I walked by the newly completed The Point apartments at 1320 University Street in the First Hill neighborhood today.

‘No Bears Allowed’, says the website of their pet policy. May we add: no bears allowed into the US stock market, as well. (Dow Jones down 3.6% today).

The architect had to squeeze the building into a triangular ‘flatiron’ shape. Those apartments on the narrow end have a great 270° view onto the streets below. Upper floor residents should be able to see a lot of the First Hill and Seattle downtown surroundings.
A poured concrete beam at the base of the apartments. The building has 11 one bed-one bath apartments, and 6 two bed-two bath apartments. These apartments are pricey: a one bedroom goes for $2,550/ month.  In late January, the parliament of the Berlin city-state in Germany, approved a five-year freeze on rents and a price cap of €9.80 per square meter — or about $1 per square foot. Seattle’s metro area is way, way (2x, 3x) beyond that kind of rate with these new apartments that come online.

Wednesday/ the Volunteer Park Water Tower

It was another beautiful day here in Seattle.
I wanted to get a clear view of Mt Rainier, and the observation deck of the Water Tower here in Volunteer Park on Capitol Hill was a good place to go to get that. And hey, no entry fee: it’s free of charge.

The Water Tower in Volunteer Park was built in 1906 and is 75 ft (23 m) tall.
A Maurits Escher-esque illusion: does this staircase inside the Tower go up, or down? (It goes down).
The observation deck inside allows for 360 degree views. The sun was low on the horizon right by the Space Needle, though, and so I will have to go back in the morning some time, to take a nice Space Needle picture.

 

Ta-da! The Mountain* is completely out, a cloudless blue sky above it.
*Mt Rainier, a Strato-volcano mountain in the Cascade Range | Elevation 14,411 ft (4,392 m) | Last eruption: 1894.
This is the entrance/ exit facing Prospect St. MCMVI, says the Roman numerals: 1906. The brown signpost on the right says ‘Climbing Prohibited’. So that must mean that rock climbers have tried to scale the uneven outer brick wall with its toeholds and finger holds!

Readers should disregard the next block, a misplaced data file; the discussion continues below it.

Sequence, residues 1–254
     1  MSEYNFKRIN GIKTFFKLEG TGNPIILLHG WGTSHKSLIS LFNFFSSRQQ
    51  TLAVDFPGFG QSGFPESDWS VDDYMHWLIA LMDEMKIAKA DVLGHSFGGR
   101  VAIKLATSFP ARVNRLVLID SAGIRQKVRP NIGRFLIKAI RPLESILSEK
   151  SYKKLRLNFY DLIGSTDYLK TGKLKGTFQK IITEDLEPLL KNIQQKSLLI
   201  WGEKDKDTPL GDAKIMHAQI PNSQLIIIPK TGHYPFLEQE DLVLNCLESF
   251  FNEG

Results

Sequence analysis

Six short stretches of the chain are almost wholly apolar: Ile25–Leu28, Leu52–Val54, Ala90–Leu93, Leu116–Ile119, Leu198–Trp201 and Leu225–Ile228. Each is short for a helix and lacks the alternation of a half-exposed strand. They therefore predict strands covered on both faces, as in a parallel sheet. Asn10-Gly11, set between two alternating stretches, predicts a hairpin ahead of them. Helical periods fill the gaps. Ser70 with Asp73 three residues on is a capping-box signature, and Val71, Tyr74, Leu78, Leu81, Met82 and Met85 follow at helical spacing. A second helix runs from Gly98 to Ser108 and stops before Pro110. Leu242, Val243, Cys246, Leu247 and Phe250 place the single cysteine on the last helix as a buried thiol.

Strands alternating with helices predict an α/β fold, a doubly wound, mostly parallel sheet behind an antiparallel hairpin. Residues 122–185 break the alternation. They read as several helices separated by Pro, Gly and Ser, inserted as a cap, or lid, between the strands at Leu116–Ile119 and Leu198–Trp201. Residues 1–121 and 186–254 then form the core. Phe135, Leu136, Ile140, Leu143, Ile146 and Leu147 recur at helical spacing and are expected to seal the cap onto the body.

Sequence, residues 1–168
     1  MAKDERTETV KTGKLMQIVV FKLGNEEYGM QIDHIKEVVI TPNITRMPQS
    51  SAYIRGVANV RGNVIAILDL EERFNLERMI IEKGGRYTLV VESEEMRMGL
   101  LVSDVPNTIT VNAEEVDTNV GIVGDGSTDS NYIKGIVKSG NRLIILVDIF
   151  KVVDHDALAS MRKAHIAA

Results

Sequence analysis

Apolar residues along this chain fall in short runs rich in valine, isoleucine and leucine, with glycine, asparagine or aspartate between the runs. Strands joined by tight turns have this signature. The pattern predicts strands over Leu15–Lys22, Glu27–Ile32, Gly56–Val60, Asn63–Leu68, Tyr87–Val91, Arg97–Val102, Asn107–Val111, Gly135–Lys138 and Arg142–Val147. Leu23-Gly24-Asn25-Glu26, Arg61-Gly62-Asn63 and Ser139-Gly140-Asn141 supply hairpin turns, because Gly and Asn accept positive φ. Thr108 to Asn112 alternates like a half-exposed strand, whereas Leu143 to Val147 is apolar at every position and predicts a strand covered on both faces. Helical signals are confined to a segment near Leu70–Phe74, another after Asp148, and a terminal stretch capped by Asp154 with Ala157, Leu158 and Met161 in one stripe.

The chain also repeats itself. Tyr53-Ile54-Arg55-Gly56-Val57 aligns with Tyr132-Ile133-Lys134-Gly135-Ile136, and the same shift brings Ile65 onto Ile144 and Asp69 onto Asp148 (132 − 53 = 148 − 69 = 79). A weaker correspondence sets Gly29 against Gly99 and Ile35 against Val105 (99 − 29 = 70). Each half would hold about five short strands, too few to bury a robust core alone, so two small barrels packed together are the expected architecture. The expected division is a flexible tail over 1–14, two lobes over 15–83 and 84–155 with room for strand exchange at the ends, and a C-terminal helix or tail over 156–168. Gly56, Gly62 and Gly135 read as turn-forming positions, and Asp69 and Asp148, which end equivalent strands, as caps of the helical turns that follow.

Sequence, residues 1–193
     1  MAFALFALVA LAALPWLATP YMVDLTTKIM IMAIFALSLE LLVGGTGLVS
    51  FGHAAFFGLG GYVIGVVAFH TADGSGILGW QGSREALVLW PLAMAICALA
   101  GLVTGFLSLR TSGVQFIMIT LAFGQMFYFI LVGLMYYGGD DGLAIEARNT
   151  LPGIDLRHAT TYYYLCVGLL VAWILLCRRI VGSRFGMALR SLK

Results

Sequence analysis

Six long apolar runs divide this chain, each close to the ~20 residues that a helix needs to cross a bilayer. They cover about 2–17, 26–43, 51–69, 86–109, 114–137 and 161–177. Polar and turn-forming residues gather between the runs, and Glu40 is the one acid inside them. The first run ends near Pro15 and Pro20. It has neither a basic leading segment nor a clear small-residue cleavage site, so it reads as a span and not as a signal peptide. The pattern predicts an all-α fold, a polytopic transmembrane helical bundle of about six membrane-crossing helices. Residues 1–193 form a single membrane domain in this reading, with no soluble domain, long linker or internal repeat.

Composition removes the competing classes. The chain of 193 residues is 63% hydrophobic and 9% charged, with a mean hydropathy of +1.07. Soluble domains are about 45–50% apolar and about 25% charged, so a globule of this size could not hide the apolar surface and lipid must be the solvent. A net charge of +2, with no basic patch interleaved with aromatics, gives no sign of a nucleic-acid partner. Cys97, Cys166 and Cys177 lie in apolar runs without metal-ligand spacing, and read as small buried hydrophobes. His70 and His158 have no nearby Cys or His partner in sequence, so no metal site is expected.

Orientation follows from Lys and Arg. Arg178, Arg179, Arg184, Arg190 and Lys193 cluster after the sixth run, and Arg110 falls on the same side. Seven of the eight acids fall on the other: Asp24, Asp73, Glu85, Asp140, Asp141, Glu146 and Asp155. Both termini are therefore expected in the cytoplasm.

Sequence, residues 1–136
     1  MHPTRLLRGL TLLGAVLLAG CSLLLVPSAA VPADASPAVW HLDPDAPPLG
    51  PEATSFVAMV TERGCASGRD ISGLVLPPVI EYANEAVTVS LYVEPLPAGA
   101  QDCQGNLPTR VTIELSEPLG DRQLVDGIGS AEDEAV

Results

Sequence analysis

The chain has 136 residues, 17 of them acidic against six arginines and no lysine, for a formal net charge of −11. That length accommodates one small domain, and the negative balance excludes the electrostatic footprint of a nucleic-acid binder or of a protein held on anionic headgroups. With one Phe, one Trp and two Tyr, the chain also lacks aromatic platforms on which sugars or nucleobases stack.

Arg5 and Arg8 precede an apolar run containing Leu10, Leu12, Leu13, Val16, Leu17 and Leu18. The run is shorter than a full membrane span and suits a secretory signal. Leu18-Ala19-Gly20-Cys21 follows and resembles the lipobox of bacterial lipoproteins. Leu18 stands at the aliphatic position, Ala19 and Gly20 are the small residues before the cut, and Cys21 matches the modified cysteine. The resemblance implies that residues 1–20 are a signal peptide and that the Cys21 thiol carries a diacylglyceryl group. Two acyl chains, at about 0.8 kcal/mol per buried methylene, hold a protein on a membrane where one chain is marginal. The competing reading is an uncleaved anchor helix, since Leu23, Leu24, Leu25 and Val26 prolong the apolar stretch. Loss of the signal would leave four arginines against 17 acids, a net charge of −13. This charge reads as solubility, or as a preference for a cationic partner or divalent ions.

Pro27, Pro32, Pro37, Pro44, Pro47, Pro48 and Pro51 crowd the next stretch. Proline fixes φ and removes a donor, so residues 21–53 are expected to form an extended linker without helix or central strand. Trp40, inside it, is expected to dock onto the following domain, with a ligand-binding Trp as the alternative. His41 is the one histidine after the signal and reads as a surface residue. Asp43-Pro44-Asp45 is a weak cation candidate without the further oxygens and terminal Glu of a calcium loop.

Sunday/ Denny Way’s new apartment towers

I went down to check out the construction at 1120 Denny Way this afternoon – a complex with a large footprint, and two apartment towers.

At its completion it will be the biggest apartment building in the history of the city with 1,179 apartments.

I was standing at the corner of Denny Way and Boren Ave N when I took this picture. That’s a 12-story luxury hotel in the middle, with the two 41-story towers on its sides.
Here’s a picture from a nearby crane cam, that shows the proximity of Lake Union. Apartments in those top floors will have killer views, but it could come at a price. I suspect that elevator rides up and down from the top floors could easily take 10 to 15 minutes during busy times in the day. Hopefully the elevator design called for dedicated elevators for say, each section of 10 floors. [Picture found on skyscapercity.com, originally posted on Flickr on Jan31 by an anonymous user called Test_Name].

Tuesday/ the Twin Towers in 1999

Here is a digital scan of the 35mm film negative, of a picture of the Twin Towers, that I had taken in 1999 from the Hudson River.  I was on a Circle Line boat tour around Manhattan island.

The World Trade Center’s twin towers, seen from the Hudson River, in March 1999. The building in the distance — between the Towers — is the Woolworth Building, an early American skyscraper, located at 233 Broadway. Designed by architect Cass Gilbert, it was the tallest building in the world from 1913 to 1930, with 55 floors and a height of 792 ft (241 m).